Another year, another spring, which means another year running America’s Toughest Road Marathon, Blue Ridge Marathon. This race I hold close to my running heart. It is this course I ran my first 10-K and returned the following year to run my first marathon.
Why would someone choose American’s Toughest Road Marathon as his or her first?
Continuing my four-year race streak, I am running in the Blue Ridge Marathon in Roanoke this April (Saturday, April 21, 2018 to be exact). Billed as America’s Toughest Road Marathon, the race covers over 7,400 feet in elevation change. This means not only does a runner manage the uphills of Roanoke Mountain, Mill Mountain (Home of the Roanoke Star), and Peakwood, but also the downhills associated with them.
Why Blue Ridge Marathon?
Outside of bragging rights of running the toughest marathon, the race benefits the local area. The Blue Ridge Marathon series was created as a non-profit known as Roanoke Outside Foundation. As a 501(c)3, their mission is to make outdoor activity and environmental stewardship a core component of our community’s lifestyle by promoting a “conservation through recreation” philosophy. In addition, regional charities help host the races. As a result, the race series has been able to donate $35,000 last year and over $135,000 since 2010 to these groups.
I am not ready for a marathon, yet.
At the same start time, a 10K, half marathon, and the second marathon leg of the double marathon (already sold out!) will start with marathon participants. Or if you want gather some friends, you can run the marathon as a team relay. Or there is a family mile run that leaves after the other runners. Whatever you decide, you will experience similar course segments.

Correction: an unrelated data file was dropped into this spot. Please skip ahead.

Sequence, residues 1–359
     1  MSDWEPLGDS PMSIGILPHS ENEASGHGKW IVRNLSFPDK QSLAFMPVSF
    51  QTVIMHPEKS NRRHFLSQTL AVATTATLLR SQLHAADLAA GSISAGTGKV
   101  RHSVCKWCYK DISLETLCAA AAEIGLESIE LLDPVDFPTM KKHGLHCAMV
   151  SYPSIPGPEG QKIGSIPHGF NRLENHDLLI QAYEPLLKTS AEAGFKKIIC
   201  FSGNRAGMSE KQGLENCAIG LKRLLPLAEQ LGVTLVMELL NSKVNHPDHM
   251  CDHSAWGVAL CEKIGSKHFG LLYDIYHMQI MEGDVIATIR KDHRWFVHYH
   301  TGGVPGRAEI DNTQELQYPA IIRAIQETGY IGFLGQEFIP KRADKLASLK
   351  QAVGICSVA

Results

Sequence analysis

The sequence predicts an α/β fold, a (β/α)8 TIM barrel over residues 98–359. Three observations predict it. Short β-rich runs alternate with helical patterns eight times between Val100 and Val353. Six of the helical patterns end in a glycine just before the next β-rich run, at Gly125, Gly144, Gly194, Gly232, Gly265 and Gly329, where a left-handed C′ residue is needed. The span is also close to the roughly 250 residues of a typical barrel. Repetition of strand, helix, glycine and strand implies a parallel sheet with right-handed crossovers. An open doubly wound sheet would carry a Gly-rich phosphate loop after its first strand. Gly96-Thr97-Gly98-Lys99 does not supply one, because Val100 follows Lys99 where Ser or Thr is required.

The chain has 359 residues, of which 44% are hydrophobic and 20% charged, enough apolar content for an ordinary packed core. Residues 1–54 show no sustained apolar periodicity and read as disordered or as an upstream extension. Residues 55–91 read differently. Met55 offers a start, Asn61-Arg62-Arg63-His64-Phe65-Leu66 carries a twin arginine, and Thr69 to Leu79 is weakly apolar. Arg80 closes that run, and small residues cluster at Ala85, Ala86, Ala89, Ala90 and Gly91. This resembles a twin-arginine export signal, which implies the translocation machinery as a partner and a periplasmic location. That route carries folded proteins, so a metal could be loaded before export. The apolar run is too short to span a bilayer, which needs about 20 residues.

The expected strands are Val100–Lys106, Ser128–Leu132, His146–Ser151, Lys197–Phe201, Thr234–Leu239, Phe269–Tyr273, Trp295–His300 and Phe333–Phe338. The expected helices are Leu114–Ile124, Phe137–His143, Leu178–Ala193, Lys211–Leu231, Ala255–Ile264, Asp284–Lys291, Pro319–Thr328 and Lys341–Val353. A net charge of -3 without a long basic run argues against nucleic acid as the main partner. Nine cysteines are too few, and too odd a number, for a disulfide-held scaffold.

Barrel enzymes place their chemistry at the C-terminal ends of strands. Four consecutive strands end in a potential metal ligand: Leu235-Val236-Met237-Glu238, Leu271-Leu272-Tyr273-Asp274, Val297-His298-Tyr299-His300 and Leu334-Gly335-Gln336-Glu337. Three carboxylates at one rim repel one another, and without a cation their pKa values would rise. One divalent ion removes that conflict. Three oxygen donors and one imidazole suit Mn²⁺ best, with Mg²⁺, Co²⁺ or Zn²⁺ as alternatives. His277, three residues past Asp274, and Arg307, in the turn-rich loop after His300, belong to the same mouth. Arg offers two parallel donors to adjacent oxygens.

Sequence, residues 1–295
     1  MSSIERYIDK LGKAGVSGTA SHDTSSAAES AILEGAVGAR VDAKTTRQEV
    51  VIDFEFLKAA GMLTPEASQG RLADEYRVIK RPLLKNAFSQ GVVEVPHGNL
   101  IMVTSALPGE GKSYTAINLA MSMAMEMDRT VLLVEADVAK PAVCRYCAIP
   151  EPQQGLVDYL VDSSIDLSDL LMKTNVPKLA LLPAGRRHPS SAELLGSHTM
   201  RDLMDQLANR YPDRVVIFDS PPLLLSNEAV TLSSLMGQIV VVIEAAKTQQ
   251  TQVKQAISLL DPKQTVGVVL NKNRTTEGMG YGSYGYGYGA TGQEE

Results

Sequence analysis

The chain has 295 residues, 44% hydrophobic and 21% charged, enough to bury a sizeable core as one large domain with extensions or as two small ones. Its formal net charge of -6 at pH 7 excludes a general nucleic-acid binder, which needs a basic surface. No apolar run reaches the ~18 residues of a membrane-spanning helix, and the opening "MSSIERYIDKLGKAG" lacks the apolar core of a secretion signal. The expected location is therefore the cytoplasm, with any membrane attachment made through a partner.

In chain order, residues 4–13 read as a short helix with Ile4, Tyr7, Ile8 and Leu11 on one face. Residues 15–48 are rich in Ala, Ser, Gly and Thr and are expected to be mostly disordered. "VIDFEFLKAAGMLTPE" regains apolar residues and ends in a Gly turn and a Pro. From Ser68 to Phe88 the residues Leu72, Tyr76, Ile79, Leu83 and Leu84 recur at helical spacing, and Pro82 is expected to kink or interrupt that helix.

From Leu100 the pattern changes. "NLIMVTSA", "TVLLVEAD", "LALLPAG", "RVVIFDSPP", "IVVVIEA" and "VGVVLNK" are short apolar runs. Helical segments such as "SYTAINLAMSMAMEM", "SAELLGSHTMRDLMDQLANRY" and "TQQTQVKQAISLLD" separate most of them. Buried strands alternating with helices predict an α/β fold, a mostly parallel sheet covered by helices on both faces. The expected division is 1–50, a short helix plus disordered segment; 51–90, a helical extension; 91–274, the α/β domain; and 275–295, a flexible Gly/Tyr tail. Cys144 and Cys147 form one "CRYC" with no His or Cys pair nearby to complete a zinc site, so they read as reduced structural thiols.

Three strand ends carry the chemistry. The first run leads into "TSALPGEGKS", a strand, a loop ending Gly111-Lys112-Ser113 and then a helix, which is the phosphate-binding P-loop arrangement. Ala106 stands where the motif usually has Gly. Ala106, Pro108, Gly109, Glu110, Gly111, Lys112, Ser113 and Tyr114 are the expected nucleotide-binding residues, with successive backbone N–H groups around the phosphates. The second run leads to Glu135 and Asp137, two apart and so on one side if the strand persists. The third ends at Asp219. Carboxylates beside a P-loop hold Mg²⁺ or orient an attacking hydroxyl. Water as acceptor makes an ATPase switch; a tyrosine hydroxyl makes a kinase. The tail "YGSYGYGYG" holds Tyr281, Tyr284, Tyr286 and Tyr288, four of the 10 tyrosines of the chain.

The 10K runs up Mill Mountain, which rewards you with great views from the Roanoke Star of Roanoke. The Half Marathon follows the same course with a turn off to head toward Peakwood for a second mountain.
Is there anything to before or after the race?
On the Friday before the race, there is a free concert for the Ballast Point Down by Downtown. The music festival runs concurrently of the marathon weekend. On Saturday, a ticketed concert happens that night, which is a great recovery from the race. In addition, Saturday is the Farmers Market on Market Street, Roanoke has a great food scene, and growing craft beer scene with a Deschutes Brewingtap room blocks from the start and finish line and Ballast Point taproom in Daleville.
In addition to a fan of the Blue Ridge race series, I am also a Race Ambassador. Have questions and in the Raleigh-Durham area? I’ll be at a few run clubs this week to talk about this Spring’s race. I’ve ran the 10K, half marathon, and full marathon (the full was my first full ever!) I’ll be glad to share stories, places to eat, and places to stay.
Three years ago, I did not resolve to change. I just eased into it subconsciously. Because I set my expectations low (or not at all), it took the pressure off meeting unattainable goals. My change was physical and mental, but whatever you wish to resolve the same blueprint can be used.
It’s okay to set hard goals, but set easy objectives